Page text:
Page:Popular Science Monthly Volume 37.djvu/721

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scribed with enthusiasm, and her subsequent experiences as teacher in eleven schools, ending as Dean of the Woman's College at Evanston, are vividly given with interesting details. Miss Willard was by nature, however, neither a student nor a teacher. Routine was distasteful to her, and patient interrogation of Nature or life was foreign to her restless disposition. The opportunity for extensive travel with a friend accorded with her desires, and two years were spent abroad journeying over Europe, Syria, and Egypt. Shortly after her return she was invited to lecture upon her foreign gleanings, and soon drifted into public speaking. The latter and larger half of the book is devoted to the organization of the W. C. T. U., temperance talks, political speeches, reports of conventions, eulogies of men and women, and dissertations on problems social, industrial, and sanitary. It is to be regretted that these questions are too exacting and tumultuous to be satisfactorily laid to rest. It may be that the failure to give approximate solutions is connected with the mathematical inability which troubled Miss Willard as a teacher, and which is very conspicuous in the arrangement of her book. Her logical horizon is indicated by the following estimate of "one of the kings of the nineteenth century": "Meeting the skepticism of science with its own 'scientific method,' he proves that, if a man die, he shall live again!" But it must be remembered that we are told, in the introduction to this encyclopedic volume, that it is "a home book, written for her great family circle, to be read around the evening lamp by critics who love the writer, and who want to learn from her experience how to live better and stronger lives." This indulgent jury of half a million readers will doubtless render a verdict of unanimous praise, but an even larger audience may be unexpectedly entertained by this life-story, and find it worthily called "an object-lesson in American living."

The Student's Atlas. By Richard A. Proctor. London and New York: Longmans, Green & Co. Price, $1.50.

In this little work, which was issued just before Prof. Proctor's death last year, the originality of its author is strongly evident. In most atlases, the different divisions of the earth are represented on different scales and often on different projections, so that the ideas they convey as to the shape and relative positions of the various land areas are far from correct. The oceans generally are not mapped at all, so no idea is given of the tracks of vessels across them, nor of the directions from each other of different parts of their shores. Prof. Proctor has avoided these defects in his atlas by depicting the whole surface of the globe on twelve maps, each representing the part of the surface of a sphere corresponding to one side of an inclosed dodecahedron. The maps are all on one scale and a uniform projection, and each occupies a double octavo page. There are also two index maps, which show the connection between the maps of the series. A brief description of each map is given in the introduction, and on the pages between the maps, usually left blank, Prof. Proctor gives the number and chief contents of the map on the other side of the leaf.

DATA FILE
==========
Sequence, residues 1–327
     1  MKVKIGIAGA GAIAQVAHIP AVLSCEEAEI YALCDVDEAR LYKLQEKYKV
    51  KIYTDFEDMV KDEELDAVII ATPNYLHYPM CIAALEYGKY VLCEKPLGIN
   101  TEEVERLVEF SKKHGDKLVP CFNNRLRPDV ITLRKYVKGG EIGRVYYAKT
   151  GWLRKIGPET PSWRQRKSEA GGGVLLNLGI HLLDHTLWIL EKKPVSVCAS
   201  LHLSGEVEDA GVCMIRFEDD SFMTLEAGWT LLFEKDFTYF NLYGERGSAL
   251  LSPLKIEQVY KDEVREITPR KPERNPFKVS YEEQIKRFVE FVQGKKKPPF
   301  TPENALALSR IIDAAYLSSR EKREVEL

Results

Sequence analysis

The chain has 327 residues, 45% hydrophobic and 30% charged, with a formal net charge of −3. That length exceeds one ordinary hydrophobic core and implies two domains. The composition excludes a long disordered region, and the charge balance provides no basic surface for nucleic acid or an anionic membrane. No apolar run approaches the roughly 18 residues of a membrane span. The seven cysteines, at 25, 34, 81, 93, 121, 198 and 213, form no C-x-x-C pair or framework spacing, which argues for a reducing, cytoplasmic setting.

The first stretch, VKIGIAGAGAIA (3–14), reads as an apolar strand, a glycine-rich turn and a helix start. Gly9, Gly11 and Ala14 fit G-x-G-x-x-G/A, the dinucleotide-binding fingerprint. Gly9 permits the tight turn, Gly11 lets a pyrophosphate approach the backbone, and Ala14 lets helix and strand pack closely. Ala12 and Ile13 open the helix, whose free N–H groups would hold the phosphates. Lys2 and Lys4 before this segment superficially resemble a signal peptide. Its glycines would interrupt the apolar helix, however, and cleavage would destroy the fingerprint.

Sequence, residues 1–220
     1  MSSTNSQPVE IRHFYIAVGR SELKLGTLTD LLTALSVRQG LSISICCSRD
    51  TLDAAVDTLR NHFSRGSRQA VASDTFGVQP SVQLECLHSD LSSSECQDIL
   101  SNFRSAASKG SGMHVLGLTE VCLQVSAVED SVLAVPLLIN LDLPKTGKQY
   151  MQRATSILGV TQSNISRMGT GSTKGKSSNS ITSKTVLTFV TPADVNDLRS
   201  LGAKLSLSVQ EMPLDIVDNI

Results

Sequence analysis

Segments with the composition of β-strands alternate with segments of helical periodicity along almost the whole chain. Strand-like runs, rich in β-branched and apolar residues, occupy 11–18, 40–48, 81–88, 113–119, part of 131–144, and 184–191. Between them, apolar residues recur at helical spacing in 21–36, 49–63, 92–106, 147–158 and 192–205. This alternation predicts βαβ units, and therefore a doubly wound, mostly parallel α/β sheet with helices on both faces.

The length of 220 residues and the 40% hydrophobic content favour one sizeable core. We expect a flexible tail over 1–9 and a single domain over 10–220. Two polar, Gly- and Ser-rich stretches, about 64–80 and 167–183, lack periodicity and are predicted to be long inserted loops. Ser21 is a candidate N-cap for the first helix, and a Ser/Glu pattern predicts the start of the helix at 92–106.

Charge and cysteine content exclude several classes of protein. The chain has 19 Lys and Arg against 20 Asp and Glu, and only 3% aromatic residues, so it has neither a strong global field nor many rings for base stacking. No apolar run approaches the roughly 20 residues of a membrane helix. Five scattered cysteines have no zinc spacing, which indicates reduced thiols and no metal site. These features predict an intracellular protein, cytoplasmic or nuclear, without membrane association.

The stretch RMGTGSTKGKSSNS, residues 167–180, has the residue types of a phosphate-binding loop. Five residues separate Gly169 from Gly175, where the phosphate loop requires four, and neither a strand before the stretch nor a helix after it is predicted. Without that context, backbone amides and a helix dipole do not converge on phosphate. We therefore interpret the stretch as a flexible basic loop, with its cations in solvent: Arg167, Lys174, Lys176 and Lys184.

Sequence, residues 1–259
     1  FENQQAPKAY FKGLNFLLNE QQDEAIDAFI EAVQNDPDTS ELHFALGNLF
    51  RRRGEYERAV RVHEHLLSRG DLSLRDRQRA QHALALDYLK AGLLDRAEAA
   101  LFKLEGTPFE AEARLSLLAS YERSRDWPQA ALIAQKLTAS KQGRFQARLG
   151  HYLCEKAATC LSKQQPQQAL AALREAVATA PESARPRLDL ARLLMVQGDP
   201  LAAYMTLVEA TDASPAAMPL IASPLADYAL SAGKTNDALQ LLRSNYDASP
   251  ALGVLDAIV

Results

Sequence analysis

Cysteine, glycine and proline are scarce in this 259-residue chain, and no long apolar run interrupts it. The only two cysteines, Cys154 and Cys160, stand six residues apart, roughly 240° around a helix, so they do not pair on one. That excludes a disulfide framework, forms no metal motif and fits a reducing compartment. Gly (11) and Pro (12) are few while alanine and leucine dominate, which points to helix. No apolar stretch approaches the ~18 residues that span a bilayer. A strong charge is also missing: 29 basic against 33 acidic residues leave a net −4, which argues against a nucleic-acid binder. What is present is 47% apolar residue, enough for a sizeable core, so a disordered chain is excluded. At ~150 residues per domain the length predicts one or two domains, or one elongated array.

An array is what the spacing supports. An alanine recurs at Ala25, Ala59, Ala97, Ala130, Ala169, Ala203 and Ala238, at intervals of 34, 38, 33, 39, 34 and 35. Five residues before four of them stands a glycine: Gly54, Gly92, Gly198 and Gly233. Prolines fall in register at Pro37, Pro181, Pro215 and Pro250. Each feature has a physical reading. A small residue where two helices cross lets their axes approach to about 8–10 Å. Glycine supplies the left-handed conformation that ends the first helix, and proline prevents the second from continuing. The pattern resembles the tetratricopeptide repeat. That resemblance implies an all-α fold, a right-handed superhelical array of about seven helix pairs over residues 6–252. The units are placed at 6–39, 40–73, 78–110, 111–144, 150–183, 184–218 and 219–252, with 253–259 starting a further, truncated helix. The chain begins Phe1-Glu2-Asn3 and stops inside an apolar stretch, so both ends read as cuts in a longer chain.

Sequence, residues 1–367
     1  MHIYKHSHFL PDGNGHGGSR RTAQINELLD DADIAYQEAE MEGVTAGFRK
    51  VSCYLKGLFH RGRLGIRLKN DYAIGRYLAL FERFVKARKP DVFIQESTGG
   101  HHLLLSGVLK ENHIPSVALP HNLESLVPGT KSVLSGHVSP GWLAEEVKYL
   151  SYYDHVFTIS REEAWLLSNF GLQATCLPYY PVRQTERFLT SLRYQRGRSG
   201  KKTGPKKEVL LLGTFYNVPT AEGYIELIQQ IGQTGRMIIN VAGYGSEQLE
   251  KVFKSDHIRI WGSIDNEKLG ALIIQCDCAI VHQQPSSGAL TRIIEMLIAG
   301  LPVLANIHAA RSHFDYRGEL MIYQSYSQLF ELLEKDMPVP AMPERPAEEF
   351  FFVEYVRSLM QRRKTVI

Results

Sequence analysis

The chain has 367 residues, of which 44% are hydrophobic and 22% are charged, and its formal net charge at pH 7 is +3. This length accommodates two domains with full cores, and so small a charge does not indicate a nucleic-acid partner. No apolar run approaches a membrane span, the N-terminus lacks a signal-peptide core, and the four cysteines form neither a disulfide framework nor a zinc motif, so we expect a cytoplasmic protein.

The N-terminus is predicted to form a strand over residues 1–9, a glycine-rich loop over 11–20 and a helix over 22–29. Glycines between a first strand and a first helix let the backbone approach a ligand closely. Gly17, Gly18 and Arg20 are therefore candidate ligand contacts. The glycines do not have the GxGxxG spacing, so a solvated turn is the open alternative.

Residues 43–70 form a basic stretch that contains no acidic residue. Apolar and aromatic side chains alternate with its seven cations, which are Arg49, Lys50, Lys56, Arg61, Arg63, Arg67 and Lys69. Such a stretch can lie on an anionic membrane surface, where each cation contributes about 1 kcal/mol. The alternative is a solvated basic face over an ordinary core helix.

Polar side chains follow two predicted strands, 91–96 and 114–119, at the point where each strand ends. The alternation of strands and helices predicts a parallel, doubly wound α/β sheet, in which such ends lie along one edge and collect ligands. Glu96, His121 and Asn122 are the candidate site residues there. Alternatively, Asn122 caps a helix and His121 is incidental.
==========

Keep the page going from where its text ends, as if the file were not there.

The Economic Basis of Protection. By Simon N. Patten, Ph. D. Philadelphia: J. B. Lippincott Company. Pp. 144. Price, $1.

We have wondered why some adherent of protection did not get out a book of this sort; for, in view of the pronounced tendency of free-traders to base their creed on fundamental principles, the neglect of protectionists to do the same looks like a confession that protection has no principles on which to stand. But now Prof. Patten has undertaken to give briefly the reasons for the faith that is in him. He asserts that free-traders take as their ideal a society in a "static" condition, while for a society in a "dynamic" or progressive state, which is the actual condition of America, protection is the only admissible policy. He maintains that a locality should not be encouraged to devote itself to the exclusive production of the commodity which it can yield best, because the surplus must pay the cost of long transportation to a market. A variety of things should be produced, and only such quantities of each as can be consumed in the vicinity. Although not so large a gross result could be obtained in this way as by devoting the productive power of the community to a specialty, the author evidently